Vice President Jorge Quiroga, 41, will formally assume the presidency when Banzer steps down on the country's Independence Day, Minister of Information Manfredo Kempff said from Miami, where he had missed his plane back to Bolivia.
Kempff had been visiting Banzer in Washington, where the 75-year-old president is being treated at Walter Reed Army Medical Center for lung cancer that has spread to his liver.
The statement came two days after Kempff said Banzer would return to Bolivia to participate in the country's Independence Day festivities and deliver his annual state-of-the-nation address. It was not immediately clear whether Banzer's condition or outlook has worsened since then.
Kempff said Banzer is doing well but decided that he couldn't govern from a hospital bed. Banzer will come back to Bolivia on Aug. 6 to deliver his resignation speech from the southern colonial town of Sucre, and then return to the United States for more chemotherapy, the information minister said.
Quiroga has been serving as acting president since Banzer, a heavy smoker, left Bolivia on July 1 to travel to the United States. At the time, Banzer said he was going for spine treatment, a trip that was supposed to last 12 days. But doctors diagnosed Banzer's cancer and said the president needed special medical treatment for at least 30 days.
In recent days, leading Bolivians had been calling on the president to step down and formally hand power to Quiroga. Some had expressed concern that power struggles within Quiroga's party, as well as rising social discontent, could lead to a power vacuum within the government.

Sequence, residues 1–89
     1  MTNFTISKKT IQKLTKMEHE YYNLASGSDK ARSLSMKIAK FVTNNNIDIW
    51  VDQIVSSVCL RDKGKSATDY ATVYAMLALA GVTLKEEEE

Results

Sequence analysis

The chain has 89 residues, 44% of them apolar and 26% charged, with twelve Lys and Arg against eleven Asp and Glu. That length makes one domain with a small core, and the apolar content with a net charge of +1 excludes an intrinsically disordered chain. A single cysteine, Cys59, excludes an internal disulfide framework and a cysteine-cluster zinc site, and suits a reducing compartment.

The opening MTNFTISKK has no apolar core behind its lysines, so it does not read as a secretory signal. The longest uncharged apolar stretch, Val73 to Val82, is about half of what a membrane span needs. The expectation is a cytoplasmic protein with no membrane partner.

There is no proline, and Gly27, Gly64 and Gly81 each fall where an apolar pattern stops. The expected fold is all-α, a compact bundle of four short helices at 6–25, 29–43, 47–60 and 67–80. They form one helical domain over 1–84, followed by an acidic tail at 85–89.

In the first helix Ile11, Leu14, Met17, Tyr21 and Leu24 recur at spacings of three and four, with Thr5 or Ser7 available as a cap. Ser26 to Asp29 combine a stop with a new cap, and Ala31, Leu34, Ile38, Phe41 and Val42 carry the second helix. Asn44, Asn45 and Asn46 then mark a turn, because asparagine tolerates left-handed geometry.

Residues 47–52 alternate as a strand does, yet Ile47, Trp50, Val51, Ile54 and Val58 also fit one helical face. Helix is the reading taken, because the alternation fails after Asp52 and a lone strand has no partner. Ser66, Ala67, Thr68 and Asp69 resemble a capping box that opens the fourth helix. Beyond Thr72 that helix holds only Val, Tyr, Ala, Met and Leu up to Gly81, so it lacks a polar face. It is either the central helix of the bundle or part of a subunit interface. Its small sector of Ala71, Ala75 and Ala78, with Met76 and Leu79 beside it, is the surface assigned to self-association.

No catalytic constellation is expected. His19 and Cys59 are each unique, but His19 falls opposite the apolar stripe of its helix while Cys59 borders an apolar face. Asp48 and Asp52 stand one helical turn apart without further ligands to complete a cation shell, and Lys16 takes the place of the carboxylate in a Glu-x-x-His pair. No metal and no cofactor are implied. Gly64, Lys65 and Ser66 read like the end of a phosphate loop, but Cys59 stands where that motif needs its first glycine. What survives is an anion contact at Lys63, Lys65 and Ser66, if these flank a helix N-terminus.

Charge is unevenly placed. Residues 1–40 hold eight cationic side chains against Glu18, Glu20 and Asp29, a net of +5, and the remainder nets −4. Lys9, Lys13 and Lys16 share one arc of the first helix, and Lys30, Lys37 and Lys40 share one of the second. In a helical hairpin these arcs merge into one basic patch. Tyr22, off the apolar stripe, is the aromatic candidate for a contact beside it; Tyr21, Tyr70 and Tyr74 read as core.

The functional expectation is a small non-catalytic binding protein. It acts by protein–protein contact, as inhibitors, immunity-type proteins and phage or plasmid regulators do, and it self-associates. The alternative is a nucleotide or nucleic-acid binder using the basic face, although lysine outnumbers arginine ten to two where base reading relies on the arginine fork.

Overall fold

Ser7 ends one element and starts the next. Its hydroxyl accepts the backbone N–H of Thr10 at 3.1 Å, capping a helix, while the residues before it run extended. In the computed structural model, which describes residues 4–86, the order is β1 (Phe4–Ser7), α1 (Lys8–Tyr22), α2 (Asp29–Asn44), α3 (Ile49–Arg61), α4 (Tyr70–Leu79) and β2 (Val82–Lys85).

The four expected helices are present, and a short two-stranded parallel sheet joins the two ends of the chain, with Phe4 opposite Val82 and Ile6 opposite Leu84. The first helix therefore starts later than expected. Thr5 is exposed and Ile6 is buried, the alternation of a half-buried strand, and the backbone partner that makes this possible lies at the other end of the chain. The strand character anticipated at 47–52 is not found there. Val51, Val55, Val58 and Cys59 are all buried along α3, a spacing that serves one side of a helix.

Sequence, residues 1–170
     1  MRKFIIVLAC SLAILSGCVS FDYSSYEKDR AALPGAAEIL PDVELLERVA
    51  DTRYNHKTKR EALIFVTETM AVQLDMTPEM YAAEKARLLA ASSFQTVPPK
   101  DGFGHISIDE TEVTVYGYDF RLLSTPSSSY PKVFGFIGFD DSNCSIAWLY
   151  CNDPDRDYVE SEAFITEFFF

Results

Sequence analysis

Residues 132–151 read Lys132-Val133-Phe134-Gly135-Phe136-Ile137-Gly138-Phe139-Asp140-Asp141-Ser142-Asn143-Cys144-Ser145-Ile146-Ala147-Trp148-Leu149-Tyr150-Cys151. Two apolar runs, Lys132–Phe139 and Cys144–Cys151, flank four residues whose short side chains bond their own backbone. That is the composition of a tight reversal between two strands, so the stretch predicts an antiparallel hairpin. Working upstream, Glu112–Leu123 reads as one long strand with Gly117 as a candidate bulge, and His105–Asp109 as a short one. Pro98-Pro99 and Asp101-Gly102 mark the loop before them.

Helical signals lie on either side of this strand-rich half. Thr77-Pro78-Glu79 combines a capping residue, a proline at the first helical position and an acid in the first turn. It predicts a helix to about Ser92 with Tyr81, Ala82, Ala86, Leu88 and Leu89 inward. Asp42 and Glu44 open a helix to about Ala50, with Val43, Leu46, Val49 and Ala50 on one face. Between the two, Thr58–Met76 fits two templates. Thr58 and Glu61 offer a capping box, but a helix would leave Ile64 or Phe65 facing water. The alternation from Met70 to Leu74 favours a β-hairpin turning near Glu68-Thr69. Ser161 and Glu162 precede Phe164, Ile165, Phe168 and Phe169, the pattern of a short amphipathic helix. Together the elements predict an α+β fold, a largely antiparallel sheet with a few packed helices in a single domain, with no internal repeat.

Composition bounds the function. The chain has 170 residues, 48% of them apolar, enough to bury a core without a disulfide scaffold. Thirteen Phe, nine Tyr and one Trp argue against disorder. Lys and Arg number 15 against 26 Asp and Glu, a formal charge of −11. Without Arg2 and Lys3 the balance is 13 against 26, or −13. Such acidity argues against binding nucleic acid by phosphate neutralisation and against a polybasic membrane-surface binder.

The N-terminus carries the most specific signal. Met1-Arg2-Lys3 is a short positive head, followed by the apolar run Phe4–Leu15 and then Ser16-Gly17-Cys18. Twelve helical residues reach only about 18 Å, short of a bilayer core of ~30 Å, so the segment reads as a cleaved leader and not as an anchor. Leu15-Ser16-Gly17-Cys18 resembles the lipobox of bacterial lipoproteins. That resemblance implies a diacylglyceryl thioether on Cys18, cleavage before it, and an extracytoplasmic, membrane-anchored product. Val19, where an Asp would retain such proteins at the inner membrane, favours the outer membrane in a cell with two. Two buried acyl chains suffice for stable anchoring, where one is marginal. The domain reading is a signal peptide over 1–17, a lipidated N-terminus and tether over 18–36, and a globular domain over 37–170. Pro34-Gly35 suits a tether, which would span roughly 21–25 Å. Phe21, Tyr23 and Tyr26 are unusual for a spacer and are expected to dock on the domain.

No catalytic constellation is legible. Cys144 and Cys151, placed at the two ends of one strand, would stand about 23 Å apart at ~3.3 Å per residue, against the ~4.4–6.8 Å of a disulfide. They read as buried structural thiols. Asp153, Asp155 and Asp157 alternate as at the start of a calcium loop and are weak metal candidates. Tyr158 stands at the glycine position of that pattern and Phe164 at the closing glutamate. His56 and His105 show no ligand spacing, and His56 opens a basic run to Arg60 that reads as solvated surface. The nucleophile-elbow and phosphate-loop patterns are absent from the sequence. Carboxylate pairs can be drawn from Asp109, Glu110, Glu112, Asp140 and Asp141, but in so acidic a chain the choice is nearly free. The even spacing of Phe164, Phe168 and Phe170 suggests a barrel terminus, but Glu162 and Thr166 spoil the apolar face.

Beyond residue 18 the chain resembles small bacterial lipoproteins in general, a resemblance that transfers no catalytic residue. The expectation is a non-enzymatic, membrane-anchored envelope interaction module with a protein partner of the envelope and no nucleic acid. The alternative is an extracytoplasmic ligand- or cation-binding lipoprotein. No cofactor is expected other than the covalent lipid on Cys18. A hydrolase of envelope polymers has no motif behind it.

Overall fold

But Kempff said Banzer's decision was not influenced by this pressure.
"The president is resigning voluntarily, without pressure from anybody," Kempff said.
Banzer, whose term was to have ended on Aug. 6, 2002, is not held in particularly high regard by many in Bolivia, and his popularity ratings have remained low ever since he assumed office four years ago.
A dictator from 1971 to 1978, Banzer re-entered politics after Latin American dictatorships went out of style this time, as a democrat. After running in every democratic election in the 1980s and '90s, Banzer finally won the presidency in 1997.
Supporters say he has done more to strengthen Bolivian democracy than any of his political predecessors, pointing particularly to his success in eradicating coca, a traditional leaf in Andean society that is also the base for cocaine.
Critics, however, contend Banzer never lost his autocratic streak, saying that even as a democrat he abused human rights, succumbed to corruption and failed to represent his impoverished, indigenous constituents.
An estimated 60 percent of this landlocked nation of 8 million people live in poverty, which has worsened under Banzer's tenure. Th gap between rich and poor remains wide, with just a small, predominantly Caucasian sector of Bolivian society enjoying material comforts.
Banzer hails from Concepcion, a sleepy ranching town in Bolivia's eastern department of Santa Cruz. Bound for a career in the military, he went to the Bolivian Army Military High School in La Paz, graduating as a cavalry lieutenant.
Banzer's lengthy oft-criticized as submissive relationship with the United States began when he was sent to the U.S. Army's School of the Americas in Panama. He received more U.S. training at Fort Hood, Texas, in 1960, and after commanding the 4th Cavalry Regiment in Bolivia for several years, was sent to Washington as a military attache.
By VANESSA ARRINGTON
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